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My three adult sons complain about how hard it is to maintain or gain weight - "it's like a part-time job!" "it's so much work!"   It's definitely frustrating to see them shoveling food in all the time just to maintain while I have to watch every bite.  

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44 minutes ago, DawnM said:

 

AND he is quite a bit taller than you are!

My husband cut out desserts.  He lost 15 pounds and he wasn't overweight to begin with but feels better at the lower end of his range, he says......and then says, "Huh, I didn't know I lost weight."  Meanwhile I would like to smack him.  Or dig a hole in the backyard for him......J/K.....kind of.

Yeah.  Hubby is a foot and some change taller than me.  What the heck, right?  And not knowing one loses weight?  I wish!

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When I can stick to it, i’m Finding that Trim Healthy Mama or any sort of low carb works.  My biggest problem is sticking to anything longer than a month or two. And then getting back to it when I mess up or go out or go on vacation.

and I  agree with the whole, DH can just “cut back a little” and lose 10:lbs. in a couple of weeks. My DH doesn’t have any weight to lose and he eats icecream every night. But, a lot of it is genetic. His dad is thin as a rail.  All my aunts and cousins on my dad’s side are quite plump.

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2 hours ago, VaKim said:

Time restricted eating/ intermittent fasting has been working for me. I am a rule keeper/ all-or-nothing personality, and this is just what I need. When it is time to eat, I eat. When it is time to fast, I fast. Nothing to think about. At the same time, I love food and especially all the stuff that is supposed to be bad for you and will not succeed on anything that makes me give it up. I generally limit my eating hours to 5 per day, fasting with only water for the other 19. Others have success with 8 hour eating windows. From what I have been reading, it is insulin that makes us fat, not calories. A couple books:

https://smile.amazon.com/Obesity-Code-Unlocking-Secrets-Weight-ebook/dp/B01C6D0LCK/ref=sr_1_1?ie=UTF8&qid=1528906241&sr=8-1&keywords=obesity+code

https://smile.amazon.com/Delay-Dont-Deny-Intermittent-Lifestyle-ebook/dp/B01N4JHL1P/ref=sr_1_3?s=digital-text&ie=UTF8&qid=1528906280&sr=1-3&keywords=delay+don't+deny

I'm having success with this as well (8 hour eating window, 16 hour fast).  I've lost 6 lbs in a little over two months, which isn't a lot, but I wasn't significantly overweight.  What has me so excited is *where* the weight is coming off--mainly my belly. That's a first for me.  In the past when I've lost weight, my *already thin* arms, legs and face would get even thinner, but my 4-5 months pregnant-looking pot belly wouldn't budge.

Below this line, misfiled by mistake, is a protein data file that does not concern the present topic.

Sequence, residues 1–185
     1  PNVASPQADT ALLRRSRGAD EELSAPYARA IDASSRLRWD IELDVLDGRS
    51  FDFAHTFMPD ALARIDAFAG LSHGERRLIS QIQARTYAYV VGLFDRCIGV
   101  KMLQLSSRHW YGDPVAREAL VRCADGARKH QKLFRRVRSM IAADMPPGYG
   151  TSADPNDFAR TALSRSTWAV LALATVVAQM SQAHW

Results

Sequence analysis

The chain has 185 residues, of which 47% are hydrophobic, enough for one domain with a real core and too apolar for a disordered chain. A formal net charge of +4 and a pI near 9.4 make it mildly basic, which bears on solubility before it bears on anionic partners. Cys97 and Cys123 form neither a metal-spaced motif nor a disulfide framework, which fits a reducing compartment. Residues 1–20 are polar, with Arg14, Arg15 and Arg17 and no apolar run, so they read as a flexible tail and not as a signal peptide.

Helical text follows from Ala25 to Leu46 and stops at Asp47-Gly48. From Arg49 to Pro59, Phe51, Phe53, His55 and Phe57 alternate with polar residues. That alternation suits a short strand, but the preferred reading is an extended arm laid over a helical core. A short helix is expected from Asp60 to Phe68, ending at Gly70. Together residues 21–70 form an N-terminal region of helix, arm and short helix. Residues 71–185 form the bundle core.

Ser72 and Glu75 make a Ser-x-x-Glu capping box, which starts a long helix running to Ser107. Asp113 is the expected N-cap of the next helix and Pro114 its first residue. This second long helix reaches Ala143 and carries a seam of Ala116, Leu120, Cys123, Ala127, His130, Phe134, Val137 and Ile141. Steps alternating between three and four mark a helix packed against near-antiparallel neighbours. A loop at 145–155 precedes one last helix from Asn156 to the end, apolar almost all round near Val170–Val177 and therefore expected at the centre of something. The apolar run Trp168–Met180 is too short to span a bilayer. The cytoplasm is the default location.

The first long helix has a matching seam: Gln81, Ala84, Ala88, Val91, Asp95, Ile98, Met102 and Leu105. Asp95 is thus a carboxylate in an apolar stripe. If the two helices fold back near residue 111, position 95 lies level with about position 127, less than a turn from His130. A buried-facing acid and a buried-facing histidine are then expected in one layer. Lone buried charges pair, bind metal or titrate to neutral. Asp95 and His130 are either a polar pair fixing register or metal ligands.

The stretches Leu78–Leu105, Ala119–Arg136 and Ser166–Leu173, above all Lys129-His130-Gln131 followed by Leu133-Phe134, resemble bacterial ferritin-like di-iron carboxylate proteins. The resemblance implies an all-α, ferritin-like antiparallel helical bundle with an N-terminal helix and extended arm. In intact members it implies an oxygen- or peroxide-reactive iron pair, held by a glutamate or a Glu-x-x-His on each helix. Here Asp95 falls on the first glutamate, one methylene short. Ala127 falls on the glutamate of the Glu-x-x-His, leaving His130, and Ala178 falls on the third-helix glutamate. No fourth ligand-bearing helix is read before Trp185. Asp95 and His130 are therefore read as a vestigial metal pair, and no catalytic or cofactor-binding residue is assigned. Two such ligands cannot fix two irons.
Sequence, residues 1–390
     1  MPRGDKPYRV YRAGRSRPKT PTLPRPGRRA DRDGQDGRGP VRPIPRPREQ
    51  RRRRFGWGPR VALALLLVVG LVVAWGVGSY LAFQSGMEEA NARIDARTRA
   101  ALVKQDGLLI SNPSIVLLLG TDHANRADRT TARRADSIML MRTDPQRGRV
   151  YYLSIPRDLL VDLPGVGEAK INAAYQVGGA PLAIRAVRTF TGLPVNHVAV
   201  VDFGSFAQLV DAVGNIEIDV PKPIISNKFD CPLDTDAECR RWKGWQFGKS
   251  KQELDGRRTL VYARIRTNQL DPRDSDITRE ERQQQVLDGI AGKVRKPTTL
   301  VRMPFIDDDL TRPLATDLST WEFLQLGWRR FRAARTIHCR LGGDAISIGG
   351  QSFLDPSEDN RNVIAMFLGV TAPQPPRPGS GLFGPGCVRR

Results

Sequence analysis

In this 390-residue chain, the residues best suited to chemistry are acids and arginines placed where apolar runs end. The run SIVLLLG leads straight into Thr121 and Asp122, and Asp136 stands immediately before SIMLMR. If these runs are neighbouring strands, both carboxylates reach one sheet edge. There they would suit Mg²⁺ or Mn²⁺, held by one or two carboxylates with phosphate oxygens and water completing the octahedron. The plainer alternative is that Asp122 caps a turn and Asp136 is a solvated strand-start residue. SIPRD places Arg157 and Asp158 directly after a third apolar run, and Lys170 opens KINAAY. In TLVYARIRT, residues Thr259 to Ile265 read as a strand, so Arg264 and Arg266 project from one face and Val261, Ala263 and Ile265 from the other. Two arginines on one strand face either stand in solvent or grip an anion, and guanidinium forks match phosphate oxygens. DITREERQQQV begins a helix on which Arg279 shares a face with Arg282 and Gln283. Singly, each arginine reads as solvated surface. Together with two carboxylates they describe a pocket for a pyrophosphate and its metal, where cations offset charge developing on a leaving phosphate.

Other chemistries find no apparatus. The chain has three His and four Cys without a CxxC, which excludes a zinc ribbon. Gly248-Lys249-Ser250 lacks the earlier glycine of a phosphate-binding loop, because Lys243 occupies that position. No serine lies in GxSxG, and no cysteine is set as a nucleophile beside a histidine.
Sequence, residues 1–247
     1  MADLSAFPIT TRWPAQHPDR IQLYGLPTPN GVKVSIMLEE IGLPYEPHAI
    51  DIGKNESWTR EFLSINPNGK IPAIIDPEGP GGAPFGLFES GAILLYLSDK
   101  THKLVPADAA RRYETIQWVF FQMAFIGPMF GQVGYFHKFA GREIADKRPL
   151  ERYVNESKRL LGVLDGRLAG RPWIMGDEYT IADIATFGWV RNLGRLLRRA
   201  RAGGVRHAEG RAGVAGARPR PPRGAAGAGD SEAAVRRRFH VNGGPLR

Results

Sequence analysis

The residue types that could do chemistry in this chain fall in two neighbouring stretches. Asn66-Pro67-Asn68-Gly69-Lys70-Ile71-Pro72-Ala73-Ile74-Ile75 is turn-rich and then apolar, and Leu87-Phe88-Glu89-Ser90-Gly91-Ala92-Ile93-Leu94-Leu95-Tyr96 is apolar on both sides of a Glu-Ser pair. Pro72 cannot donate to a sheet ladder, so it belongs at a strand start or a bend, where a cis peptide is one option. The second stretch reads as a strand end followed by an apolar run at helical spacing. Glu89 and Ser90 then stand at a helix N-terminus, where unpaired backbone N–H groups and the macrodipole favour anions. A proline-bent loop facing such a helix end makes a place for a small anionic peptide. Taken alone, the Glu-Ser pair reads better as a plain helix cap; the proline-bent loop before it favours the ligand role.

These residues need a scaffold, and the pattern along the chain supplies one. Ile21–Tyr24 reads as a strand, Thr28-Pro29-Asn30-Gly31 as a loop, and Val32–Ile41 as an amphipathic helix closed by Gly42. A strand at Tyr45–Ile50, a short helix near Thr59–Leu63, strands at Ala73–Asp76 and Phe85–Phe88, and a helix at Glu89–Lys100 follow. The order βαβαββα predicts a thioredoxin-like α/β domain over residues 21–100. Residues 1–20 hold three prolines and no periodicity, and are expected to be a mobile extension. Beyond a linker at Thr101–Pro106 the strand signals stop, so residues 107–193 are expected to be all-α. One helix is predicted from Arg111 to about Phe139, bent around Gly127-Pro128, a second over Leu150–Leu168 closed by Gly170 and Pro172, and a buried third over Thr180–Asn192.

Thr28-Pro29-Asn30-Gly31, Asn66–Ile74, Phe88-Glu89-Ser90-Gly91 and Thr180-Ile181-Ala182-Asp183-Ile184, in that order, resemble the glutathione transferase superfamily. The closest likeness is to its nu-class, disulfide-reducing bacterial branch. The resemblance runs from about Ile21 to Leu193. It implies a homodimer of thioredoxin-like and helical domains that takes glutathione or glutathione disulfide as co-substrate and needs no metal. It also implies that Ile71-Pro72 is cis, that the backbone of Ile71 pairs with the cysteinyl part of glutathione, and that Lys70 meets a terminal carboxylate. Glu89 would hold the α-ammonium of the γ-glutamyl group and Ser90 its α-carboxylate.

Here are some things I've discovered so far from fasting. 

Don't go too quickly. I started off a little too eagerly in the beginning, thinking I should just jump right in and fast every morning until noon.  By the third morning I was weak and shaky. So I ate breakfast. From that point I ate breakfast two out of three mornings for the span of about a week.  Then every other morning for another week.  Then I fasted two out of three mornings, etc, slowly working my way to where I am now, which is fasting (pretty much) every morning.  If I wake up with a hungry feeling that lasts more than 20 minutes, I eat breakfast but that's rare.

Hunger fades away after 5-10 minutes, for me anyway. I like to think that's when my body switches over to using its fat reserves as fuel.  Maybe...who knows?  Sounds good to me!

Drink lots of water.  Sometimes I feel dehydrated even though I feel like I'm forcing myself to drink. I've discovered sprinkling a little salt in my hand and licking it off fixes this for me. Water tastes good again and the dry mouth goes away.

I like to do my yoga towards the end of my fast (in other words just before lunch) and I've found I feel stronger, more flexible and more coordinated in the fasted state than the 'fed' state. Speaking of yoga, any pose that involved having my knees up to my chest *used* to make me feel like I couldn't breathe very well.  No more! I think I've burned up some of that visceral fat that was crowding my diaphragm.

I feel much more focused and productive in the fasted state.

 

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5 hours ago, DawnM said:

 

It isn't really a whole new way of eating, although I don't want to cut out the dairy as I have not found any substitutes for cream in coffee that I like at all.

And I have done the "cut down" method for years and years.....I honestly don't gorge or eat a lot, but I have gotten in some bad habits of what I eat, and even when I eat healthy, I don't lose.  I have a lot of weight loss issues I really don't want to get into, but I have followed WW religiously and not lost ANY weight.  

 

Can you do nut milks? Califia Farms makes a delicious almond milk creamer that I used to use. Some are unsweetened too.